World Antibiotics Awareness Week Launched

From right: Dr Owen Kaluwa, Kinsley Aboagye Gyedu and an official of the Ministry of Health

The Deputy Minister of Health, Kinsley Aboagye Gyedu, has called on all stakeholders to join the action against Anti-Microbial Resistance (AMR), the situation where bacteria change in response to the use of certain medicines so that they are no longer effective.

“The fight involves everyone, including health workers patients, farmers, veterinarians, industry, development partners and government,” he said.

Speaking at the launch of the World Antibiotics Awareness Week (WAAW) in Accra, the deputy minister mentioned that without urgent action on the part of stakeholders, the country is likely to head towards a post-antibiotic era in which common infections and minor injuries can once again kill.

He said the problem of antimicrobial resistance has been attributed to the misuse of antimicrobial drugs which provide selective pressure, favouring the emergence of resistance strains.

“A growing list of infections such as pneumonia, tuberculosis, blood poising, gonorrhoea and food borne disease are becoming harder and sometimes impossible to treat as antibiotics become less effective,” he stated.

Mr Gyedu explained that such an occurrence poses a great threat to the country’s attainment of the Sustainable Development Goals (SDGs) since anti-microbial resistance would erode all the gains of the targets and goals.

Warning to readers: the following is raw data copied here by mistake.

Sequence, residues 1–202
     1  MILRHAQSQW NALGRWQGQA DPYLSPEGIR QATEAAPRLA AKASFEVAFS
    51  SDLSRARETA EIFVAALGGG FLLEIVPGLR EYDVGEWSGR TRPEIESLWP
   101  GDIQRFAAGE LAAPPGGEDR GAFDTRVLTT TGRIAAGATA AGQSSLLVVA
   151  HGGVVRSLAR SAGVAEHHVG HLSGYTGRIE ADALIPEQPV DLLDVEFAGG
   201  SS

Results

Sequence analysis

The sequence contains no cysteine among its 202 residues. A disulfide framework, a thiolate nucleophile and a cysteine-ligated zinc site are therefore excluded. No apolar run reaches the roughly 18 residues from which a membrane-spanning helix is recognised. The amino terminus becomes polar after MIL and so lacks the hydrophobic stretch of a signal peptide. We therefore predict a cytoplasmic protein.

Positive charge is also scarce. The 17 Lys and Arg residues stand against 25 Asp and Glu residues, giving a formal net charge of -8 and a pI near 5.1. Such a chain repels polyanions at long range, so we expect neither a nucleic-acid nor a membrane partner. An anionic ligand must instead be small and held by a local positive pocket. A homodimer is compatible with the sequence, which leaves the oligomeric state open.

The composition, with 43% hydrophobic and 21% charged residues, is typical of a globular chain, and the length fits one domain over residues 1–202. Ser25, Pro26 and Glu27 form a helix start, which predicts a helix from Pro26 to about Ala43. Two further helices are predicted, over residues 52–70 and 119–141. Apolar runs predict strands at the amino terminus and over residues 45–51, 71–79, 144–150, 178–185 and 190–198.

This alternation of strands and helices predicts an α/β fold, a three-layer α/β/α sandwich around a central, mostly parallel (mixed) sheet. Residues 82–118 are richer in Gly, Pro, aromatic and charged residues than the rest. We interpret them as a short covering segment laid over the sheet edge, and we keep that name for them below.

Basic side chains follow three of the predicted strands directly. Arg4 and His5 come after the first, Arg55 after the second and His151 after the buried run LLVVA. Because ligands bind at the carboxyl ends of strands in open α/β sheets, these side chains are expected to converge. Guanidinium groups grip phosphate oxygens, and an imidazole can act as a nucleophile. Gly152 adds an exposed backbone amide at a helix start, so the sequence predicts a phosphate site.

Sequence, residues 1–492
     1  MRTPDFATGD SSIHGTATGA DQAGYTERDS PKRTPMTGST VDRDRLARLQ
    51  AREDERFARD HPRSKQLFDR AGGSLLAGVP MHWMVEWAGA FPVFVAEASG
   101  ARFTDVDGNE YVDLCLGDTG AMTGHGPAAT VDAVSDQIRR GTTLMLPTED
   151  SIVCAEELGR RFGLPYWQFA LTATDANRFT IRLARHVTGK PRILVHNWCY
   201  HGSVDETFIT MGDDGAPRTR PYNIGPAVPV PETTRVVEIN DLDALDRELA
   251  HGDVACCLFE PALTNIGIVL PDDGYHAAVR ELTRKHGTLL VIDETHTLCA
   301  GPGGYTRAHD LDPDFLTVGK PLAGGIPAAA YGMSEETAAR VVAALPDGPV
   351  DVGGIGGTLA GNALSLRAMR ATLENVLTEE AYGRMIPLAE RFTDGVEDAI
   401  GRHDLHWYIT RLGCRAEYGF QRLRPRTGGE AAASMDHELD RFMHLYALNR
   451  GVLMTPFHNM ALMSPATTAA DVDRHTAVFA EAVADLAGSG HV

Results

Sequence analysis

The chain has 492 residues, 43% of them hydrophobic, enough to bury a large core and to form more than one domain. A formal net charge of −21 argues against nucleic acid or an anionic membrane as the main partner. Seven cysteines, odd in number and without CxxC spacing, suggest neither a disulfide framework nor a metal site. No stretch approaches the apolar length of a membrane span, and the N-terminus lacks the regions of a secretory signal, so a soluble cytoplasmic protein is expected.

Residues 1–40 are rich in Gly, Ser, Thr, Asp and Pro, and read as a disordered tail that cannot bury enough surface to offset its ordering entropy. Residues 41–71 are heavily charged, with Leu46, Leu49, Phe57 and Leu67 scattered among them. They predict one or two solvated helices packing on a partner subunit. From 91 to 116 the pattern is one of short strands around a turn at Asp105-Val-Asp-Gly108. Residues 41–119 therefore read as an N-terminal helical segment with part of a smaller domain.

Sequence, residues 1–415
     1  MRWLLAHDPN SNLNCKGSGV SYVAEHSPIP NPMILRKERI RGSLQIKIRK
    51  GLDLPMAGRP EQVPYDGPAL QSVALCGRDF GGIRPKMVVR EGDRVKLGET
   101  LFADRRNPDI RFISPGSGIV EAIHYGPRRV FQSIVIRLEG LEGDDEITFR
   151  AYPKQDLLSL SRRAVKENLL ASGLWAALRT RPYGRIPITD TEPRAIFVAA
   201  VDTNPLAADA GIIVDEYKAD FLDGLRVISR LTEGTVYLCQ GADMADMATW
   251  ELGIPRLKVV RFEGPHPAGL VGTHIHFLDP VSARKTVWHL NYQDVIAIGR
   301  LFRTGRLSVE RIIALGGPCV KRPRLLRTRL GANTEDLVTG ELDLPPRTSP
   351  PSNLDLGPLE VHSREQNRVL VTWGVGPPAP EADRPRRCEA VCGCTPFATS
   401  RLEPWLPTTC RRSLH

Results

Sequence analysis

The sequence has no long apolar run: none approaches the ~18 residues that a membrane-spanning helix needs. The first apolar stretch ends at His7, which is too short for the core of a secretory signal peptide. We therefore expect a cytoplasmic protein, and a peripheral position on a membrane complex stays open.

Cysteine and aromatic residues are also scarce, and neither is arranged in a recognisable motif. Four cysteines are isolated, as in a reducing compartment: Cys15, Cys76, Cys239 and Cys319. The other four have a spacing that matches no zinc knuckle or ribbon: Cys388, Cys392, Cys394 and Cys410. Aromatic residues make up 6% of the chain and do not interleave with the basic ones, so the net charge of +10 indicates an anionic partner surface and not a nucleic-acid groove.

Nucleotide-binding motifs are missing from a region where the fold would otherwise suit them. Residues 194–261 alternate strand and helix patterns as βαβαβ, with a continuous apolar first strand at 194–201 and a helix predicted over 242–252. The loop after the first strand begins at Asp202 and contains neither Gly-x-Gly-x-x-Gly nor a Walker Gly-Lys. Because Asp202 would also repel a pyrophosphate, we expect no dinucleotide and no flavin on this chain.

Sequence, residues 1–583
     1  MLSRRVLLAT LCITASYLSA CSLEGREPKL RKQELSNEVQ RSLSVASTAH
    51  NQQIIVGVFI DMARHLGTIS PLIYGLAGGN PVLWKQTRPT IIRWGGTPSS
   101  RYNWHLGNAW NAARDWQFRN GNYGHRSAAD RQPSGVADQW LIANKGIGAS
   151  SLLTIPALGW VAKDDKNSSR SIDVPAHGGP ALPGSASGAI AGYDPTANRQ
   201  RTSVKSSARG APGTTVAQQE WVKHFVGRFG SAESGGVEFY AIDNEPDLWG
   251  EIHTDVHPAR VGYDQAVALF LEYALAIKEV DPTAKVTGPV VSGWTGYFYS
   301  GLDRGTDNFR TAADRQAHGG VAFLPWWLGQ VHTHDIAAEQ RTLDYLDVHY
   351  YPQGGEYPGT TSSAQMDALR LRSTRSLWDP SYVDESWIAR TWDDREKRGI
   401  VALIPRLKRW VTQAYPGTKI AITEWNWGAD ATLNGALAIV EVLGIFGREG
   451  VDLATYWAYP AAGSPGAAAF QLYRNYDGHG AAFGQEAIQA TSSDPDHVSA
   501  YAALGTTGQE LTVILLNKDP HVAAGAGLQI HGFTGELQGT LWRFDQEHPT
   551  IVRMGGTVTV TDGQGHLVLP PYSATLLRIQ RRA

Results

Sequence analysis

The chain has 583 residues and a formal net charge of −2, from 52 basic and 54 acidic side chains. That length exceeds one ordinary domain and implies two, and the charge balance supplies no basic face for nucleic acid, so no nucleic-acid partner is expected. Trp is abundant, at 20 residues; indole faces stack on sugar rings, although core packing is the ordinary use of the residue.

He pointed out that the country has, over the years, acted to address the situation through the development of the National Anti-microbial Resistance Policy accompanied by a national action plan modeled after the Global Action Plan to fight AMR.

Dr Owen Kaluwa, World Health Organisation (WHO) Country Representative, in his remarks, said although data on the burden of anti-microbial is very scanty in the African region, indications show the trend in increasing.

He, thus, added that as the theme for the week, citizens should seek advice from a qualified healthcare professional before taking antibiotics.

This, he said, would help address effectively the issue of anti-microbial resistance in Ghana and Africa at large.

Dr Bashiru Boi Kikimoto, Representative of the World Organisation for Animal Health, (OiE) and Head of the Public Health and Food Safety Division of Veterinary Service, called on farmers, especially those engaged in animal rearing, to be cautious of the use of antibiotic.

He also pledged the commitment of OiE and the Veterinary Service to the fight against AMR in the country.

As part of activities this week, there will be an open forum toady at the conference room of the National Health Insurance Authority (NHIA), where panelists will be discussing the topic ‘Preventing AMR- A Collective Responsibility’ to throw more light on the role that relevant stakeholders can play in preventing AMR.

By Jamila Akweley Okertchiri